Unauthorized immigrants, including many within evangelical churches, are often desperate to get right with the law, and many yearn to be citizens of the United States, a land they have come to love. Many Americans rightly wonder why undocumented immigrants don’t simply begin the process to become citizens. But the fact is, for most undocumented immigrants, there simply is no process for them to actually come out of the shadows and make things right. With very limited exceptions, it’s not a question of them being unwilling to wait their turn in line: There is no line in which they qualify to wait.

Our country needs a better way forward — one that honors the law, is fair to American taxpayers and keeps families together. That way is an earned legalization process, including some form of restitution. And for the subset of these immigrants who were brought to the U.S. as children, commonly known as “Dreamers,” an earned legalization process should not include a requirement of restitution, given the biblical and legal principle that we do not hold children accountable for their parents’ decisions (Ezekiel 18:20).

This sort of a restitution-based, earned legalization process, paired with improvements to border security, is supported by more than two-thirds of American evangelical Christians, according to a poll from LifeWay Research.

Indeed, while the Bible guides us to reject public policy proposals that undermine the rule of law, it also compels us to believe in restoration. Were elected officials to pursue a restitution-based legalization process for qualifying immigrants, it would give these immigrants the chance to earn their way back into right standing with the U.S. government, which would be a tremendous relief to them and a reaffirmation of the importance of the rule of law. 

There would be great community celebrations as neighbors, family members, fellow church members and employees welcome immigrants with open arms out of the shadows and into lawful and permanent status. This process would invite the formerly undocumented to participate fully and completely in American society, finally being able to add their strands of colorful fabric to the great and beautiful tapestry that is the United States of America. 

The invitation: Take the next step

Reforming the U.S. immigration system is not a simple task, nor is it easy politically. But nearly all Americans agree that our current system isn’t working, that people are harmed along the way, and that Washington needs to come together for a solution.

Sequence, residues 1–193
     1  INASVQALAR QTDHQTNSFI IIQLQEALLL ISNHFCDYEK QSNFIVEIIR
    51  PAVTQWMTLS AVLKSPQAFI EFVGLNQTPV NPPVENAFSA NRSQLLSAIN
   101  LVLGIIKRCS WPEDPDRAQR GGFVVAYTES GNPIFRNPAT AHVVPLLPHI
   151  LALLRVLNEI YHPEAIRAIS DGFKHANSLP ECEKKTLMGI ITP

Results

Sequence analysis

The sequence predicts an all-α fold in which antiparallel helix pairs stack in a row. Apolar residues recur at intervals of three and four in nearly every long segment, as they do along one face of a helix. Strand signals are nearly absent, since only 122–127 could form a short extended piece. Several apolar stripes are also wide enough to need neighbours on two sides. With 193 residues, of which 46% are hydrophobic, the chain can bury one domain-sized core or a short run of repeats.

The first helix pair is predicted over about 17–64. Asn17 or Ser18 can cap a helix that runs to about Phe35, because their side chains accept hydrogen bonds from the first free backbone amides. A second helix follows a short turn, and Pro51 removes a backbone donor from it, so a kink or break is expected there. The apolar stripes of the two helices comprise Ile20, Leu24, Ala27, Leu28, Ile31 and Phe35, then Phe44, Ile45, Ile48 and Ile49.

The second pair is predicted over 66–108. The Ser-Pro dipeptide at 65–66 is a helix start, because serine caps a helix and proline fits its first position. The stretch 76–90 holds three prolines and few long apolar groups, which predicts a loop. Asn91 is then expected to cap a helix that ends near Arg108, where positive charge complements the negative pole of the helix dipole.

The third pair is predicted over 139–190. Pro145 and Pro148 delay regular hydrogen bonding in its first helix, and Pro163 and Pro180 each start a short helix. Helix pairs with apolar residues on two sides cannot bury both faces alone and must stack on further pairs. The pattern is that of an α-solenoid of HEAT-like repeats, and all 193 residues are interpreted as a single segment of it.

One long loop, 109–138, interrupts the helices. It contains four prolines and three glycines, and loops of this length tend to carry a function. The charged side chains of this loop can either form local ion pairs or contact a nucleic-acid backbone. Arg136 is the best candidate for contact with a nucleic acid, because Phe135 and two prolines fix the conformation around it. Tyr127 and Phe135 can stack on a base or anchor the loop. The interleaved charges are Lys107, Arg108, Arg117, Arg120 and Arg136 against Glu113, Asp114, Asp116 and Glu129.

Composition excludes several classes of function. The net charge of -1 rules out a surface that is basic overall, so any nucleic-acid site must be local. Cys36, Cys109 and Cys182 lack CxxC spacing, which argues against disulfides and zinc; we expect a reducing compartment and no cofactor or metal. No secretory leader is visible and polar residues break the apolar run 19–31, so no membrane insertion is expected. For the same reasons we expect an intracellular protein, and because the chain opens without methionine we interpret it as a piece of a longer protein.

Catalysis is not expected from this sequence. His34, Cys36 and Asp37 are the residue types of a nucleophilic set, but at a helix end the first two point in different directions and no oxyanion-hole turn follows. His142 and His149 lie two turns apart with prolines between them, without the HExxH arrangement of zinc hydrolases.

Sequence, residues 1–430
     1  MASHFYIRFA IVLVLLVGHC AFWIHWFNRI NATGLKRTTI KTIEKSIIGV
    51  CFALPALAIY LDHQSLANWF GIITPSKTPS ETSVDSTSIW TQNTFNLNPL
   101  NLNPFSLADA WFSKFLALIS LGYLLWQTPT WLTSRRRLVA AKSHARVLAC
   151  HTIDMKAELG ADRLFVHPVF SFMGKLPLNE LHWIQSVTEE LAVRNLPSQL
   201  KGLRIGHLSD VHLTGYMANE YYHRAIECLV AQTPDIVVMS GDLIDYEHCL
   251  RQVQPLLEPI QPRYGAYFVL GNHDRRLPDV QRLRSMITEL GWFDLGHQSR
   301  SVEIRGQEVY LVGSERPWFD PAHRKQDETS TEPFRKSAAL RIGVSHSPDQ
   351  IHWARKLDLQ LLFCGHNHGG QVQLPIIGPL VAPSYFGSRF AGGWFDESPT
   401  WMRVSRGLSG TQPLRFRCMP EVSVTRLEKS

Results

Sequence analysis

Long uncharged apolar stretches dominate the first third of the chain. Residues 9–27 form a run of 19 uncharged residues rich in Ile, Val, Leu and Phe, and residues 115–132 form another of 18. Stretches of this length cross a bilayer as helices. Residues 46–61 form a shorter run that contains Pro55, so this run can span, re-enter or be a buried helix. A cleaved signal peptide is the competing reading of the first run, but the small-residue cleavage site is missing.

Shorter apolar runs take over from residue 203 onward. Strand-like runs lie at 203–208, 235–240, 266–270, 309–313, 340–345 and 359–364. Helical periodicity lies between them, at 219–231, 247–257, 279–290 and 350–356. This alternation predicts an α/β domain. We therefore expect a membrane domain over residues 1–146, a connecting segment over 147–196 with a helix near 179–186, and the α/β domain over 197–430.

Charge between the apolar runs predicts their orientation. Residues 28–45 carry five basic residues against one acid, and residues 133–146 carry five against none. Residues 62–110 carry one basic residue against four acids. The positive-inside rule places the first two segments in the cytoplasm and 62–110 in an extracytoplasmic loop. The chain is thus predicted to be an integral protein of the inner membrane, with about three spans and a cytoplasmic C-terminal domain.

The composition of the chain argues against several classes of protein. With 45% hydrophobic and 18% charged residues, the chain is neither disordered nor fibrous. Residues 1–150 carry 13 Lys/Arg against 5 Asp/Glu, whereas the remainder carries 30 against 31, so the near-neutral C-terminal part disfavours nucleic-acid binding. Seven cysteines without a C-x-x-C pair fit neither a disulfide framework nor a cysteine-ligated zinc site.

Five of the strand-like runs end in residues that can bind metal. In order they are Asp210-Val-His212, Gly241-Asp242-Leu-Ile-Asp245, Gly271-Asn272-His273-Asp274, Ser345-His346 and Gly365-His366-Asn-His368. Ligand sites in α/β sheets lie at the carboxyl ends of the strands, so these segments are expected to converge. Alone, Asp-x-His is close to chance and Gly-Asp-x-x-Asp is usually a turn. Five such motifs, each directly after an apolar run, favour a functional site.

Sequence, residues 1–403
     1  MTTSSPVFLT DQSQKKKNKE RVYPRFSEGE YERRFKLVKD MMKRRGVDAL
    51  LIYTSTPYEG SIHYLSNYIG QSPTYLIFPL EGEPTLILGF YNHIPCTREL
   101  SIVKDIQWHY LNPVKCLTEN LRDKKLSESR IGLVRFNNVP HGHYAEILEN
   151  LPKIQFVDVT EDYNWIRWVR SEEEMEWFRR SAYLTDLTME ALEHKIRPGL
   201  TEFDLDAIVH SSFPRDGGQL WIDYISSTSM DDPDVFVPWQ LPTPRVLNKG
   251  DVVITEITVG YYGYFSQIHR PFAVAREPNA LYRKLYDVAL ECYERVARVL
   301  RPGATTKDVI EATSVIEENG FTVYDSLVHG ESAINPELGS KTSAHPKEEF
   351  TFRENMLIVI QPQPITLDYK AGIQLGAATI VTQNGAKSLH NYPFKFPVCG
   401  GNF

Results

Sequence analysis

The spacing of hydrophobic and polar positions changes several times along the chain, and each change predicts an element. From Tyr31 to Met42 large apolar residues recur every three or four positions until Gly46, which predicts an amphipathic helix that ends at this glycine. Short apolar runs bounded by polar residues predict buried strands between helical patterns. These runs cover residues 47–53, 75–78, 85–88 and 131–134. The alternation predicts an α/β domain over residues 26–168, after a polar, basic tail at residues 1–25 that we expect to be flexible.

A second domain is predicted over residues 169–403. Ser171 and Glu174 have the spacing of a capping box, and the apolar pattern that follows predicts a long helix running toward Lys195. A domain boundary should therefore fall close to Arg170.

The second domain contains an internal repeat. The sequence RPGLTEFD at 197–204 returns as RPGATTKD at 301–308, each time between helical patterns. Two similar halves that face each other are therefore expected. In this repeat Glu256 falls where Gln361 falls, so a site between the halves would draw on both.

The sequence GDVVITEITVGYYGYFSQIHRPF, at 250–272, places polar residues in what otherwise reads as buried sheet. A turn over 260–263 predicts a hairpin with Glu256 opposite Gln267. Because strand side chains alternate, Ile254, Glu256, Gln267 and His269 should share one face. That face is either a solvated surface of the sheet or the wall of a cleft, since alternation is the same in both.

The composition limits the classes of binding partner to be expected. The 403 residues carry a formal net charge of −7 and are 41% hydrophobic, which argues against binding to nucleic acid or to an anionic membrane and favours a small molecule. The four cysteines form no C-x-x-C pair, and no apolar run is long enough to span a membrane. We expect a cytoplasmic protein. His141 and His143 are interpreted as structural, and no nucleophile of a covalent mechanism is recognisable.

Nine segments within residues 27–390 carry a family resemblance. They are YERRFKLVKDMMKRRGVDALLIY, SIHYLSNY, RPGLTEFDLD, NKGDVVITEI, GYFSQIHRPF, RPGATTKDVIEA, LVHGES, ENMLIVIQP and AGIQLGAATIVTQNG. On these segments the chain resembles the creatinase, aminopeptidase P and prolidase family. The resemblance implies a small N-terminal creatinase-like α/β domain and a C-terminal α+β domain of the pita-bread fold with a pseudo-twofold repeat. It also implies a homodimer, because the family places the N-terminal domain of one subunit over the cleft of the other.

What's one step you can take? You can learn more about these issues by reading the extended articles for each area of engagement and policy reform.

This is an excerpt from Thinking Biblically about Immigrants and Immigration Reform, an e-book recently published by the Evangelical Immigration Table (EIT).

By / Oct 9

If we as Christians truly stand as defenders of the sanctity and dignity of all human life, our nation’s current response to the global refugee crisis ought to be of significant concern.  

God’s love for the immigrant, refugee, and foreigner is a consistent biblical theme, and he calls his people to do the same. Jesus Christ himself, the greatest example of love, implores us to love our neighbor as we love ourselves, regardless of race, nationality, religion, or status.  

The UNHCR estimates more than 71 million people are forcibly displaced around the world. This is the largest humanitarian crisis the world has ever seen. If no one intervenes on their behalf, the vast majority will remain displaced in or around their countries for 10 years or more.  

When the current administration’s travel ban was announced in 2017, promises were made that we would continue resettlement with a shift in focus toward persecuted Christians and others in the most desperate situations. Instead, we have dismantled many parts of the program and reduced the total number of refugees resettled each year from 85,000 in fiscal year (FY) 2016 to less than 30,000 in FY 2019. Now the White House has announced the ceiling planned for FY 2020 will be 18,000, with stipulations put in place that could reduce that number even further depending on decisions made at the state level. This means our resettlement numbers will be even less than 2002, the year after 9/11.   

If this decision stands, many people in the most desperate situations who would add great benefit to our nation will continue to languish in dreadful conditions. Furthermore, threats to national and global security will increase because of prolonged exposure to extremism. As the rest of the world watches us, other developed countries will follow our lead, and global refugee admissions will drop, as occurred after our reductions in 2017.  

It is entirely possible to articulate a generous position toward the world’s most vulnerable people while also being committed to national security and upholding our laws. 

We all know immigration-related topics are just as contentious in our churches as anywhere else in our current sociopolitical climate, but it is entirely possible to articulate a generous position toward the world’s most vulnerable people while also being committed to national security and upholding our laws.